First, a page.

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Supplement with Probiotics is a Promising Way in Depression Treatment
Author: Dr. LIANG Shan from Prof. JIN Feng's Research Group      Update time: 2016/03/29
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Depression is a major human blight. Globally, it is responsible for more ‘years lost’ to disability than any other condition. But the pathophysiology mechanisms of depression is not very clear and the most common antidepressants are still targeted the monoamine neurotransmitters sine 1950s. Yet depression is widely undiagnosed and untreated and half of the patients who received therapy cannot get help from current treatment. All of these called scientists to find new way to cure depression.  

Prof. JIN Feng and his team from Institute of Psychology, Chinese Academy of Sciences, have studied the relationship between gut microbiota and behavior since 2003. They found that the mammals’ behavior and emotion were closely connected with gut microbiota. Through the microbiota–gut–brain axis, the brain can influence gut bacteria by modulating gut physiological status, and the composition and variation of intestinal microbiota can change the central nervous system and behavior. And regulating gut microbiota through probiotics supplementation could make effect in many behavior disorders, including depression, anxiety, autism, schizophrenia, etc. Dr. LIANG Shan and her colleagues in JIN’s team designed an animal research using chronic restraint stress model and obtained several interesting foundlings. 

Chronic treatment with probiotic Lactobacillus helveticus NS8 during restraint stress demonstrated anxiolytic and antidepressant effects, promoted cognition, decreased plasma CORT and ACTH levels, modulated pro-inflammatory and anti-inflammatory balance, meanwhile restored 5-HT, NE, and BDNF content in the hippocampus, inducing an effect better than that of SSRI. These data confirmed and demonstrated the hypothesis that probiotic supplementation may be an effective and safe therapy for chronic-stress-induced depression.

The study was granted by NS Bio Japan and NS Bio Guangzhou. The article has been published on Neuroscience.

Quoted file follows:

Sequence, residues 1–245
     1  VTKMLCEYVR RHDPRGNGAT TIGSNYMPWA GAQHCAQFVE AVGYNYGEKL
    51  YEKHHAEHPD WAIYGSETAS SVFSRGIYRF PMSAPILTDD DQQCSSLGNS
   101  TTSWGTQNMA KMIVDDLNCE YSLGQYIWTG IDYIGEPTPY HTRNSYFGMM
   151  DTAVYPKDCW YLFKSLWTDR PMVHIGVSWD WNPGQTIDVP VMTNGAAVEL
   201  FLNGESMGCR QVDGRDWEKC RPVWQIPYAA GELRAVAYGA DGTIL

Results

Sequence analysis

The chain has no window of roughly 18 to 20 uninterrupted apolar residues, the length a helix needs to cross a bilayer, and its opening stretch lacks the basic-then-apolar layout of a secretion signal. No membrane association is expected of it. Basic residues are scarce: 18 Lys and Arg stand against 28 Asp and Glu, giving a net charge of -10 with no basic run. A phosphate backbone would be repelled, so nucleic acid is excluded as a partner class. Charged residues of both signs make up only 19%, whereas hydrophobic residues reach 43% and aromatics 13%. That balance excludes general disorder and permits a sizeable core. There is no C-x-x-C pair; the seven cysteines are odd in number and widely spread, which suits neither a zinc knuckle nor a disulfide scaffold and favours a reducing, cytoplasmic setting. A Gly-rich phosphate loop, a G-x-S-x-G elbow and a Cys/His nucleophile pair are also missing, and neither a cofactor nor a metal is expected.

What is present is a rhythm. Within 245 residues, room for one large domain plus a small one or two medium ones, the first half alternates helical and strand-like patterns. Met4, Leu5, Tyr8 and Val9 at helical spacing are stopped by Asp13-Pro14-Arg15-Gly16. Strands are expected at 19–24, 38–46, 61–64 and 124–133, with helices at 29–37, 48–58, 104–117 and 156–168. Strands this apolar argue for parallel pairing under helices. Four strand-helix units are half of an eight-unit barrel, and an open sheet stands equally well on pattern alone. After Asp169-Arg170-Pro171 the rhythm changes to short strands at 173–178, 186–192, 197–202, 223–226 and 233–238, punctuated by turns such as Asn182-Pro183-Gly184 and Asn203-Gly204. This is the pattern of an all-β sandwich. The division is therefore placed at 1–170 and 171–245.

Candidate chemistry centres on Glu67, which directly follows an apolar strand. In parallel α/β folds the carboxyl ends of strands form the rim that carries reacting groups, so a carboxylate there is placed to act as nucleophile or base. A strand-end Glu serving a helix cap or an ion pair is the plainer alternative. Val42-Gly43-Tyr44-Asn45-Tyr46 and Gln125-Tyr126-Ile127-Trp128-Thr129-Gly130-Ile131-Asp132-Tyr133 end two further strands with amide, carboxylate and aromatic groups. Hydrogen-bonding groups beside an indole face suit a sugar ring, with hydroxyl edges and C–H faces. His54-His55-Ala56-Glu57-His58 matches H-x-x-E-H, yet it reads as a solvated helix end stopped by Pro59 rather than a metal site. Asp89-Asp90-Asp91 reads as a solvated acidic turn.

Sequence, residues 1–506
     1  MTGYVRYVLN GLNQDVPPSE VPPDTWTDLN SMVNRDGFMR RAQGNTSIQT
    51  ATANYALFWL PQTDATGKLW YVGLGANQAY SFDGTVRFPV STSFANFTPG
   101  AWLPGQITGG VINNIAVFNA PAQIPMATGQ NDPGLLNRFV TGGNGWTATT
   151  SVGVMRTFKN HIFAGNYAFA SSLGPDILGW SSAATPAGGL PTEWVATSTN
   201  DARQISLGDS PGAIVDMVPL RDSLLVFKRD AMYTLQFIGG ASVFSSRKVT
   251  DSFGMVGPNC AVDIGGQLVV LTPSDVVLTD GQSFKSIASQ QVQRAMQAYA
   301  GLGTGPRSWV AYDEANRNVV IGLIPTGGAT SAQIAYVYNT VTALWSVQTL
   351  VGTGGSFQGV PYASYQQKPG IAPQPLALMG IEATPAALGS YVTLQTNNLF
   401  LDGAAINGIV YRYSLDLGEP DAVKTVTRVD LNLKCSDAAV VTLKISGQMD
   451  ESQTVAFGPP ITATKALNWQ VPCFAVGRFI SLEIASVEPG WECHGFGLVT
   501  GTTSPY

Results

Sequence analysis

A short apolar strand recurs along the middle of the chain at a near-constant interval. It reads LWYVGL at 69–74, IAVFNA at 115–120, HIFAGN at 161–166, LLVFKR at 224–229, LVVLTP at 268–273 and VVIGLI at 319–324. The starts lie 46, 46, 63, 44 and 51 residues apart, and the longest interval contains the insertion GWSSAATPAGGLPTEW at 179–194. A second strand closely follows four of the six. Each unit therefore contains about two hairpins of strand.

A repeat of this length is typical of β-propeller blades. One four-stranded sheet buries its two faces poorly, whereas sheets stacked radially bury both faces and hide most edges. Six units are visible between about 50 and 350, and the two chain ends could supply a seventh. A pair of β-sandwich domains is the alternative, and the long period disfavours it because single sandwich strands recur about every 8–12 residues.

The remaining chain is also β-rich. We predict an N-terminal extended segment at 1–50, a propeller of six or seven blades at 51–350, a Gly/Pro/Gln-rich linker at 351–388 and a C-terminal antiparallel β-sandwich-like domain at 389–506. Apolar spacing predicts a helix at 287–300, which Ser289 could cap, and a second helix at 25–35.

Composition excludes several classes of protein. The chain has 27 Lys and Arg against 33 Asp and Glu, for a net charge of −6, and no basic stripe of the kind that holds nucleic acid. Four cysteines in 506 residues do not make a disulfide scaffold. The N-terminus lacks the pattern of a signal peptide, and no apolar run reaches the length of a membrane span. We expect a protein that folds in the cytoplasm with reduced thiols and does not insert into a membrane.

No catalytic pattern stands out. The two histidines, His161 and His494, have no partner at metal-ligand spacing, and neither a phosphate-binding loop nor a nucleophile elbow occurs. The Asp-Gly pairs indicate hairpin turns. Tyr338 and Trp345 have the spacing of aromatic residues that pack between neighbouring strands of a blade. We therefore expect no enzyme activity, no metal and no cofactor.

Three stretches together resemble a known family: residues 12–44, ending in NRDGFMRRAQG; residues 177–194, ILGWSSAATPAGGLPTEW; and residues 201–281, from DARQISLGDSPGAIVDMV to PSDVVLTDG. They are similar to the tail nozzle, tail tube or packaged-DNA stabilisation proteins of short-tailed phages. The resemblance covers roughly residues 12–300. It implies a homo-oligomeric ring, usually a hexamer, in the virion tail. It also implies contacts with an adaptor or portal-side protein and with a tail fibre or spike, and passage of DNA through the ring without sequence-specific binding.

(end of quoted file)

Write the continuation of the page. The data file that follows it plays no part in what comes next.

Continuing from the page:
Fig. 1.Graphical abstract

Fig. 2. The behavioral results were correlated with relevant biological outcomes. Panel A shows the correlation between sucrose preferences and hippocampus 5-HT content. Panel B and panel C show the correlation between time in open arms in EPM and plasma CORT and ACTH levels. Panel D shows the correlation between distance traveled in center in OFT and hippocampus NE content. Panel E, panel F, panel G and panel H show the correlation between time spend with new object in ORT and plasma CORT, plasma ACTH, plasma IL-10 and hippocampus NE content, respectively.

Related Articles:

Hu, X., Wang, T., Liang, S., Li, W., Wu, X., & Jin, F. (2015). Antibiotic-induced imbalances in gut microbiota aggravates cholesterol accumulation and liver injuries in rats fed a high-cholesterol diet. Appl Microbiol Biotechnol, 99(21), 9111-9122. doi: 10.1007/s00253-015-6753-4

Wang, T., Hu, X., Liang, S., Li, W., Wu, X., Wang, L., & Jin, F. (2015). Lactobacillus fermentum NS9 restores the antibiotic induced physiological and psychological abnormalities in rats. Benef Microbes, 6(5), 707-717. doi: 10.3920/BM2014.0177

Hu, X., Wang, T., Luo, J., Liang, S., Li, W., Wu, X., . . . Wang, L. (2014). Age-dependent effect of high cholesterol diets on anxiety-like behavior in elevated plus maze test in rats. Behavioral and Brain Functions, 10, 30. doi: 10.1186/1744-9081-10-30

Luo, J., Wang, T., Liang, S., Hu, X., Li, W., & Jin, F. (2014). Ingestion of Lactobacillus strain reduces anxiety and improves cognitive function in the hyperammonemia rat. Sci China Life Sci, 57(3), 327-335. doi: 10.1007/s11427-014-4615-4







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